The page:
The Fellowship of Life
a Christian-based vegetarian group founded in 1973


Lenten Press (2002/03)

Give Up Meat for Lent? Don't Be Ridiculous

It may be Lent, a time of abstinence and self-sacrifice, but if there is one thing that Church of England bishops appear unable to give up, it's meat.

The days of gorging on pheasants may be long gone, but bishops are still not willing to go for a whole month without their steak and chips, a vegetarian group has discovered.

Every bishop was sent a letter from the Christian group, called Veg4Lent, asking them to endorse the campaign for not eating meat in Lent, but not one was able to give it their backing.

The group suggest that Lent "provides an ideal opportunity to reflect on the countless innocent lives sacrificed to satiate meat consumption", and asked the bishops to consider that vegetarianism can become "assimilated within a more widespread Christian approach to life".

Whether on grounds of theology or taste, the bishops seem less than convinced by the vegetarian argument. "I do not believe that vegetarianism is 'an essentially grave moral issue'. I believe that it is a matter on which opinions differ, and I respect those who are vegetarians," said the bishop of Hereford, the Rt Rev John Oliver, whose own son does not eat meat. He added that he does not believe that there is any necessary link between vegetarianism and the Christian faith.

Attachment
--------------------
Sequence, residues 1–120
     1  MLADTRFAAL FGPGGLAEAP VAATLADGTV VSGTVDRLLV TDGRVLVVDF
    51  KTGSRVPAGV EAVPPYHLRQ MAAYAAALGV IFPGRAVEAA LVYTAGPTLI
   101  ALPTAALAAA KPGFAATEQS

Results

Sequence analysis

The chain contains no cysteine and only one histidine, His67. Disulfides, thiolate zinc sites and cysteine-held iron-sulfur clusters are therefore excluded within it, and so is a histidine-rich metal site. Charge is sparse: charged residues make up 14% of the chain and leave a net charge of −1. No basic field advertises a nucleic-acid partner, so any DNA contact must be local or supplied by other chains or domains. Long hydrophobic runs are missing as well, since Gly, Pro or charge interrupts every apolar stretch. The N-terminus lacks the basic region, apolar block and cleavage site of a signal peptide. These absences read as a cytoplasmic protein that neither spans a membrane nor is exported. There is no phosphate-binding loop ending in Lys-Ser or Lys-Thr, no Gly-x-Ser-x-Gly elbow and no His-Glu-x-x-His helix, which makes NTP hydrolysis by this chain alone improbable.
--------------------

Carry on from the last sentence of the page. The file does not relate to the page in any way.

This was a view shared by many, including the Bishops of Carlisle, Norwich, Ripon and Leeds. The Bishop of Bradford, the Rt Rev David James, a keen lover of curries, didn't think twice about turning the idea down: "As I am not a vegetarian it would be hypocritical of me to support your initiative," he said.

The Rev Prof Andrew Linzey, a Patron of the group, said that he was unsurprised that the bishops would not give up meat for Lent. "They are not there on this issue. They don't care for creation. If you look for any response on cruelty and indulgence, the bishops aren't there. They don't lead on issues of creation concern.

The Bishop of Hereford said that he believed that good husbandry and good abattoir practice are entirely compatible with animals being part of God's creation.

However, the Bishop of Chester, the Rt Rev Peter Foster said that he had deep misgivings about modern animal rearing, and said that he keeps a few hens in a fully free-range situation as a personal protest. "I am willing to, and where possible actually do, pay a premium price for meat from freely reared animals."

The Church of England Newspaper (10/4/03)

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